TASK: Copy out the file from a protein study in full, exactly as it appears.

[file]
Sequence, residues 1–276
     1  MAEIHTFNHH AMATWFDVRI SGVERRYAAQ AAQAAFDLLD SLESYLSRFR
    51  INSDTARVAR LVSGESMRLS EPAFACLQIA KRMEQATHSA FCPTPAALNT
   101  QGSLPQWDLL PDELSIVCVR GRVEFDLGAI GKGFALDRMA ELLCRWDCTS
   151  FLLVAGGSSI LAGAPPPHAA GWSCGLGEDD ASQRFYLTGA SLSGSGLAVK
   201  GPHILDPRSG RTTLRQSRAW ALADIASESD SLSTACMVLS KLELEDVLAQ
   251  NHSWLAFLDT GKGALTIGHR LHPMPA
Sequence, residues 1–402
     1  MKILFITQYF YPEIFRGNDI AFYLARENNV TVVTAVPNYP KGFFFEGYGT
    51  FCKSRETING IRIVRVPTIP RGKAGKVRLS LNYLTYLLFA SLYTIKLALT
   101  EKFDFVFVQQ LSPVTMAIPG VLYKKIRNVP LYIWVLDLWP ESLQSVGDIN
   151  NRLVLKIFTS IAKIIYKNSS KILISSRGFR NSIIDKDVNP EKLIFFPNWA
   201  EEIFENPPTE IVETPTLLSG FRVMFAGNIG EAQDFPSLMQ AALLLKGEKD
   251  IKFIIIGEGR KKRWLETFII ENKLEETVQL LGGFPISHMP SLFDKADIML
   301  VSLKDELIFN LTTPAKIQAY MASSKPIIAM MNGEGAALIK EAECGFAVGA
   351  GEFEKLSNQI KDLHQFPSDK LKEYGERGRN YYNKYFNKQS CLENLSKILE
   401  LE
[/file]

Sequence, residues 1–276
     1  MAEIHTFNHH AMATWFDVRI SGVERRYAAQ AAQAAFDLLD SLESYLSRFR
    51  INSDTARVAR LVSGESMRLS EPAFACLQIA KRMEQATHSA FCPTPAALNT
   101  QGSLPQWDLL PDELSIVCVR GRVEFDLGAI GKGFALDRMA ELLCRWDCTS
   151  FLLVAGGSSI LAGAPPPHAA GWSCGLGEDD ASQRFYLTGA SLSGSGLAVK
   201  GPHILDPRSG RTTLRQSRAW ALADIASESD SLSTACMVLS KLELEDVLAQ
   251  NHSWLAFLDT GKGALTIGHR LHPMPA
Sequence, residues 1–402
     1  MKILFITQYF YPEIFRGNDI AFYLARENNV TVVTAVPNYP KGFFFEGYGT
    51  FCKSRETING IRIVRVPTIP RGKAGKVRLS LNYLTYLLFA SLYTIKLALT
   101  EKFDFVFVQQ LSPVTMAIPG VLYKKIRNVP LYIWVLDLWP ESLQSVGDIN
   151  NRLVLKIFTS IAKIIYKNSS KILISSRGFR NSIIDKDVNP EKLIFFPNWA
   201  EEIFENPPTE IVETPTLLSG FRVMFAGNIG EAQDFPSLMQ AALLLKGEKD
   251  IKFIIIGEGR KKRWLETFII ENKLEETVQL LGGFPISHMP SLFDKADIML
   301  VSLKDELIFN LTTPAKIQAY MASSKPIIAM MNGEGAALIK EAECGFAVGA
   351  GEFEKLSNQI KDLHQFPSDK LKEYGERGRN YYNKYFNKQS CLENLSKILE
   401  LE